Edwin
  #3  
Old Nov 18, '11, 7:28 am
Barbkw Barbkw is offline
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Default Re: Buddhism and Catholicism

http://www.standfirminfaith.com/inde...article/20722/

Why Buddhism & Christianity Are Incompatible: “Catholicism and Buddhism: Compatible Beliefs?”


Quote:
These apparent similarities led to heightened Catholic interest in Buddhism with the rise of the New Age movement in the 1980’s and 1990’s. Some imagined that Buddhism had many new insights to offer to Christianity in general and Catholicism in particular due to their supposed compatibilities.

But Pope John Paul II threw water on that fire in 1994’s Crossing the Threshold of Hope with comments regarding Buddhism that received a good amount of press at the time (and also a lot of debate). In his comments, our late pontiff really didn’t pull any punches, calling Buddhism “in large measure an ‘atheistic’ system’.” He pulled the carpet out from under comparisons to Catholicism by pointing out that the ultimate end of man for Christians is union with God, while for Buddhists it is Nirvana (complete detachment, or a state of nothingness).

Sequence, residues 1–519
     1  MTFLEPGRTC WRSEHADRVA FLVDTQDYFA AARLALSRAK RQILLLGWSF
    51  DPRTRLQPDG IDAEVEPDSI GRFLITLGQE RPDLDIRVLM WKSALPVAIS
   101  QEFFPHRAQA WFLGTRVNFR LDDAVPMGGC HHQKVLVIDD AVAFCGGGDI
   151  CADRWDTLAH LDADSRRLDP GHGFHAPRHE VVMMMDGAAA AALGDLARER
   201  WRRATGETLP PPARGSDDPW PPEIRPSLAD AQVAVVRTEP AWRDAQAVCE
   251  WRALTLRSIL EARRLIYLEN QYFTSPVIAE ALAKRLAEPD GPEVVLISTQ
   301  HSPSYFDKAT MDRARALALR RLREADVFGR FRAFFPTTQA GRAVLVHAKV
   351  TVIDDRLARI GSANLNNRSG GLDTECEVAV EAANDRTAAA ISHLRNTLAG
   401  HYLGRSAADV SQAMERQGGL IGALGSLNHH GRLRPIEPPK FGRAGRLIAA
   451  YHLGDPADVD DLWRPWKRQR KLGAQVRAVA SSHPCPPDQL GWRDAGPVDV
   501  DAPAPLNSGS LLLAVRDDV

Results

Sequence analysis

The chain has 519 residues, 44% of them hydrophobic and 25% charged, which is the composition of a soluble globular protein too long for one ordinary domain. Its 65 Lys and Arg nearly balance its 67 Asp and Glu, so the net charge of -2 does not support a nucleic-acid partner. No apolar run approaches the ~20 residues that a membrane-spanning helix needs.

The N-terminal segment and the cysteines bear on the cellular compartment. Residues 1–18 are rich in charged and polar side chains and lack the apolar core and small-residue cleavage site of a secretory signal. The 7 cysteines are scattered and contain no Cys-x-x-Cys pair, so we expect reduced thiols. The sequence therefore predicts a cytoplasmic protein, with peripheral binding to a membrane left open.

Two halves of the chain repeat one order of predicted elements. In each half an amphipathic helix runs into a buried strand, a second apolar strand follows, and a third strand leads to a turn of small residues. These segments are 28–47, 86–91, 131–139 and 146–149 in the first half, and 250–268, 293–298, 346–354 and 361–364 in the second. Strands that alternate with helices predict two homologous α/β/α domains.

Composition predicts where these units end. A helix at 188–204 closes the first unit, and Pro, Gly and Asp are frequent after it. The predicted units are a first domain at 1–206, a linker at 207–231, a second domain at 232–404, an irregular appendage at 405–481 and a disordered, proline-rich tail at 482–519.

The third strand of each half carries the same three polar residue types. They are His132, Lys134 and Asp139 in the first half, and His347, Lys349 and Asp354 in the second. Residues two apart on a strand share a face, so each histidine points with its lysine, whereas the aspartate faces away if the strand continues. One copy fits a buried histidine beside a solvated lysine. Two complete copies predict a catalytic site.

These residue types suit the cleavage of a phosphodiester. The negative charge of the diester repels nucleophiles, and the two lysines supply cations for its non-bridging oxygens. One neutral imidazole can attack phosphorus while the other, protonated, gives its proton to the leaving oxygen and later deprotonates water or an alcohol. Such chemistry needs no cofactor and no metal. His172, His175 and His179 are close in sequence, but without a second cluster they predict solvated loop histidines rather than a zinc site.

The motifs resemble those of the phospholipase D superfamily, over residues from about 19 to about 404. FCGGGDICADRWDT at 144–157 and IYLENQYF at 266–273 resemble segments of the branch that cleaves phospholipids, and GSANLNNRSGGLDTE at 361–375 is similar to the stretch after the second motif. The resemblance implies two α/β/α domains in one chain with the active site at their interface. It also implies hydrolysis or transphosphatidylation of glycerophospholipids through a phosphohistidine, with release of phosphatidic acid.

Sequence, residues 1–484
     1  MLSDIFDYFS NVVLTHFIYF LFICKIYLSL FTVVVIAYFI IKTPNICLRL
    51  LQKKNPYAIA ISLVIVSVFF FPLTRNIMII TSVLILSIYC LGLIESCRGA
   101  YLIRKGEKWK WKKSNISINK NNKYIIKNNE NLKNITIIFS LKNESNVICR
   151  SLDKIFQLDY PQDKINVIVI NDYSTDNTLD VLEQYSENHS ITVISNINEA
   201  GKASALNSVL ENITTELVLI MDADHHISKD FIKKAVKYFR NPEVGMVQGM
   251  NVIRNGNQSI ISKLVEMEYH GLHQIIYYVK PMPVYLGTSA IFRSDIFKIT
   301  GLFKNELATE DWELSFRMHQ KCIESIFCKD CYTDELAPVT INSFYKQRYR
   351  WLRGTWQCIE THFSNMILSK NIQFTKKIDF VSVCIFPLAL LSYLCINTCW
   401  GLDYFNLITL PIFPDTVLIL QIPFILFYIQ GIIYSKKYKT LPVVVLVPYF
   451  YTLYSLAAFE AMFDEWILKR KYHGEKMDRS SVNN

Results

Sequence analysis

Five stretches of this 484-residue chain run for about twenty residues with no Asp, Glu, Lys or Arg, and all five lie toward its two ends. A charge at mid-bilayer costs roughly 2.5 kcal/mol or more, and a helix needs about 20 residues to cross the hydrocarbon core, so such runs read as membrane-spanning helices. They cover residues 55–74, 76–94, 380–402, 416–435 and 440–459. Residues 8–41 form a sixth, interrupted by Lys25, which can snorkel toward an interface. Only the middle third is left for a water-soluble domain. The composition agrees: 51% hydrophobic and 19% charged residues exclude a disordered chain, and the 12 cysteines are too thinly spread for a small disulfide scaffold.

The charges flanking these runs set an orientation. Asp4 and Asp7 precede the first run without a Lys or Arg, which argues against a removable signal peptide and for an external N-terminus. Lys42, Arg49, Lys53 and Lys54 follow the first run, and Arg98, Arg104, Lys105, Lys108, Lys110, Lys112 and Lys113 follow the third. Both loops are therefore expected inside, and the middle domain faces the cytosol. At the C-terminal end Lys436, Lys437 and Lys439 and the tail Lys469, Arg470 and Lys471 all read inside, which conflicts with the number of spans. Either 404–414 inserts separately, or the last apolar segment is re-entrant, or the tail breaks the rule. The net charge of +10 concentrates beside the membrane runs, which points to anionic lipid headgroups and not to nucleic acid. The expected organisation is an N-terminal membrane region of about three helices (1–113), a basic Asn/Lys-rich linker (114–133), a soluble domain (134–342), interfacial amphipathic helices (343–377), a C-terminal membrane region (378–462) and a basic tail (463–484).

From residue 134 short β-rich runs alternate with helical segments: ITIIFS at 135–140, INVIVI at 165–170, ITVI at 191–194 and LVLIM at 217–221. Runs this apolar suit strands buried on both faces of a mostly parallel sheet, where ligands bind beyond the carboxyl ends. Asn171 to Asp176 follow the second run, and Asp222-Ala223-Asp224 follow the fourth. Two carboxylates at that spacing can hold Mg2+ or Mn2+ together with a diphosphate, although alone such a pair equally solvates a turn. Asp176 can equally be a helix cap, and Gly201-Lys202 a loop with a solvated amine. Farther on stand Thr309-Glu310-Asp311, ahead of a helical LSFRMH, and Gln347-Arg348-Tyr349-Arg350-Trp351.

Two separate warnings concluded the Pope’s remarks on this subject. The first deals with the notion of extracting certain characteristics of Buddhism and incorporating them into Catholic practice:


Quote:
For this reason it is not inappropriate to caution those Christians who enthusiastically welcome certain ideas originating in the religious traditions of the Far East—for example, techniques and methods of meditation and ascetical practice. In some quarters these have become fashionable, and are accepted rather uncritically. First one should know one's own spiritual heritage well and consider whether it is right to set it aside lightly. Here we need to recall, if only in passing, the brief but important document of the Congregation for the Doctrine of the Faith "on certain aspects of Christian meditation" (10/15/1989). Here we find a clear answer to the question "whether and how [Christian prayer] can be enriched by methods of meditation originating in different religions and cultures".